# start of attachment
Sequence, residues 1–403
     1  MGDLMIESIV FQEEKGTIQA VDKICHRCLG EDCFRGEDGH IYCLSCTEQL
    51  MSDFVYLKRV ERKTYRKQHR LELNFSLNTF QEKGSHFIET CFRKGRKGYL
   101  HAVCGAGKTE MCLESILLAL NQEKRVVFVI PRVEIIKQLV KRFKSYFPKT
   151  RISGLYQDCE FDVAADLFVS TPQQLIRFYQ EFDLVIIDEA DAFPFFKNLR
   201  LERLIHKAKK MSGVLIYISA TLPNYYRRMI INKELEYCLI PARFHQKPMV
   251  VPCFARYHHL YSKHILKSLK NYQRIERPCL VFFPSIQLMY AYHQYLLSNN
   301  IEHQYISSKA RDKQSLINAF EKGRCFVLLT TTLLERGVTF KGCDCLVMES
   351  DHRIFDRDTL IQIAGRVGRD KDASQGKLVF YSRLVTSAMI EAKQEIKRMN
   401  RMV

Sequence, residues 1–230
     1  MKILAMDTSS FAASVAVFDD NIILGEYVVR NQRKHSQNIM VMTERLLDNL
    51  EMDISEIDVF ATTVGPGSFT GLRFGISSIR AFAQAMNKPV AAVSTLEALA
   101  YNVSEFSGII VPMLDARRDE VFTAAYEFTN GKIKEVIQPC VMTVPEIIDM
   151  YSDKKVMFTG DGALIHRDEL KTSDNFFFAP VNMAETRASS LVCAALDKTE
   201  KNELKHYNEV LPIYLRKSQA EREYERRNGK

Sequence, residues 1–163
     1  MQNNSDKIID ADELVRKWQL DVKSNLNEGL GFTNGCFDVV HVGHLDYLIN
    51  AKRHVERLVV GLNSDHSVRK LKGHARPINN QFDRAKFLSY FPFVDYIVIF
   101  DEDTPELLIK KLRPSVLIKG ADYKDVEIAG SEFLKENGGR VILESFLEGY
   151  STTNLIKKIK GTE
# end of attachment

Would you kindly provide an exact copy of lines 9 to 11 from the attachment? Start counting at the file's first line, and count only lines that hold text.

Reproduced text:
   351  DHRIFDRDTL IQIAGRVGRD KDASQGKLVF YSRLVTSAMI EAKQEIKRMN
   401  RMV

Sequence, residues 1–230